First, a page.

Accepting as accurate the standard of living studies which set the efficiency minimum for a man, wife and three children under fourteen at $750 to $900 per year, it appears that a very large group of American wage earners are unable to support their children on an efficiency basis. If unmarried, their wage is adequate; if married, with a family of more than three children, their wage is insufficient to maintain efficiency. As the average American family is five, many of these earners are probably receiving less than efficiency wages. If this apparent discrepancy between wages and an efficiency standard of living really exists, it should have a reflex in underfed children, in undesirable living conditions, in anemic men and women—that is, in the typical products of low efficiency standards. That such products do exist, the meager data at hand indicate; but the exact character or extent of the low standard condition is most uncertain. John Spargo in a recent book attempting to estimate the number of underfed children in the schools, concludes that there are between 60,000 and 78,000 such in New York City alone. A much more authoritative study is contained in a report of the Chicago School Board, which asserts:
I further report that 10,000 other children in the city—while not such extreme cases as the aforesaid—do not have sufficient nourishing food. . . .
There are several thousand more children under six who are also underfed, and who are too young to attend school.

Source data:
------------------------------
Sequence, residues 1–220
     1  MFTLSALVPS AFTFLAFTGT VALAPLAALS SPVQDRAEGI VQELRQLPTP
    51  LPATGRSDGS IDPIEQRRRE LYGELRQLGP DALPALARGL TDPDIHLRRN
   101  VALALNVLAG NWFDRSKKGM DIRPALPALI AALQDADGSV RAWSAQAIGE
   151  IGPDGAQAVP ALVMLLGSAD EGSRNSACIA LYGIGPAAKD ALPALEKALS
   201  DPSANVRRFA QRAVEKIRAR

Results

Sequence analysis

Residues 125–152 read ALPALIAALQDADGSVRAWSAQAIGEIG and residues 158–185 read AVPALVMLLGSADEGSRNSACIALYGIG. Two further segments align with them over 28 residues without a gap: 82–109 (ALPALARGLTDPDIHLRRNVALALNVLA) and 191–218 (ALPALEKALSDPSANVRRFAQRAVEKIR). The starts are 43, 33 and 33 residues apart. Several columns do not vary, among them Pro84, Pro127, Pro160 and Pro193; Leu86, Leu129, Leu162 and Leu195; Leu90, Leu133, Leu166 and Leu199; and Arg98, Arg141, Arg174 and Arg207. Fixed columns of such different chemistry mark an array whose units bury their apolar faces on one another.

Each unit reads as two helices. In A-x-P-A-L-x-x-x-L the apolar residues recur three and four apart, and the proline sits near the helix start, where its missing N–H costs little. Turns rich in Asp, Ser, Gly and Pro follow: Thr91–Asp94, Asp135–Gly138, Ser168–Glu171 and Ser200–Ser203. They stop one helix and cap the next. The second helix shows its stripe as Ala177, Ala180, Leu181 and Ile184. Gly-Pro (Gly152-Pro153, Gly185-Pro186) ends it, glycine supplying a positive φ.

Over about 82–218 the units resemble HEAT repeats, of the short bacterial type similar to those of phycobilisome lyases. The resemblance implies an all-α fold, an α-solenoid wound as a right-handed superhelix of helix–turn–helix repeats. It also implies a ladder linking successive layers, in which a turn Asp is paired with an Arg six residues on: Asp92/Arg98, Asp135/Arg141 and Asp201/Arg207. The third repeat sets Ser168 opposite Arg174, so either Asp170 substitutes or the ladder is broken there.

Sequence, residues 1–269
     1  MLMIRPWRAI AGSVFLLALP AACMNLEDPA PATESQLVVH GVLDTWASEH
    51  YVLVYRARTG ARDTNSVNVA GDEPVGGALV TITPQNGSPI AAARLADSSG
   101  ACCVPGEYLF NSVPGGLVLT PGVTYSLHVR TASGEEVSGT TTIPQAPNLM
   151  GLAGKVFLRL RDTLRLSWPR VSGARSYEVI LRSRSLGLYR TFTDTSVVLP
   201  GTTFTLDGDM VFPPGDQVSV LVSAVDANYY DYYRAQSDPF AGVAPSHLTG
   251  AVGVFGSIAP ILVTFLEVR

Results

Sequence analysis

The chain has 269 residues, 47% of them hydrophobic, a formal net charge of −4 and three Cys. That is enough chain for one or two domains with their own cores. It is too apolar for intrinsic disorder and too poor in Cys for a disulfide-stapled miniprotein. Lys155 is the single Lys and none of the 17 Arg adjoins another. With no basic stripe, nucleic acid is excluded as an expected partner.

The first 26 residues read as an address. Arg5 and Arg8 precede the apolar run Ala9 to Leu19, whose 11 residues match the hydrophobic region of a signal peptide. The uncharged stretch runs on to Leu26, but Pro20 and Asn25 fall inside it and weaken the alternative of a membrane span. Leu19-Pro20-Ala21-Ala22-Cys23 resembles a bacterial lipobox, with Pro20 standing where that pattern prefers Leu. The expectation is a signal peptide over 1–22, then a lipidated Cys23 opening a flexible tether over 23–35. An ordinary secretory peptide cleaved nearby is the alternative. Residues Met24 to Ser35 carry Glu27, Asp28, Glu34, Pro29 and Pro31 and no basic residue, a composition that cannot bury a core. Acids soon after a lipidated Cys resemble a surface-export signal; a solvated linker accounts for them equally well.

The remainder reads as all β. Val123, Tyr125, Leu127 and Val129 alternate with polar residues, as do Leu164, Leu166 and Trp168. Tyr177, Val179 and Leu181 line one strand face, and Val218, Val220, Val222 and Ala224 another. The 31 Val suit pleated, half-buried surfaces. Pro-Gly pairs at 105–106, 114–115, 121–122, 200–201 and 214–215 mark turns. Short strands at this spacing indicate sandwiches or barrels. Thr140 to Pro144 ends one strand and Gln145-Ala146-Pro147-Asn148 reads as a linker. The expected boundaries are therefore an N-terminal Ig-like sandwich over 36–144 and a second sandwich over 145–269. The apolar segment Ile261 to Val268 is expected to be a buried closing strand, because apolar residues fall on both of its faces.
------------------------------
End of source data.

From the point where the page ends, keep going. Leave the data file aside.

The question of food is not the only question to be considered. Many children lack shoes and clothing. Many have no beds to sleep in. They cuddle together on hard floors. The majority of the indigent children live in damp, unclean, or overcrowded homes, that lack proper ventilation and sanitation. Here, in the damp, ill-smelling basements, there is only one thing regarded as cheaper than rent—and that is the life of the child.We find that a large number of children have only bread, saturated in water, for breakfast day after day; that the noon meal is bread or bananas, and an occasional luxury of soup made from pork bones; that children often frequent South Water Street begging for dead fowl in the crates or decayed fruit; that others have been found searching for food in alley garbage boxes, and several cases were reported where hungry children at school picked up crusts of bread or fragments of lunch which other children had thrown away.
Families are not only undernourished—they are badly housed as well. Here, for example, is a description of the housing facilities afforded a group of Pittsburgh steel-mill workers.
- "Bitter Cry of the Children," John Spargo, New York, Macmillan Co., 1906, Chapter II.
- Report of Minutes, Board of Education, City of Chicago, October 2, 1908, pp. 4-5.
- "Painters' Row," Elizabeth Crowell, Charities, February 6, 1909, pp. 914-915.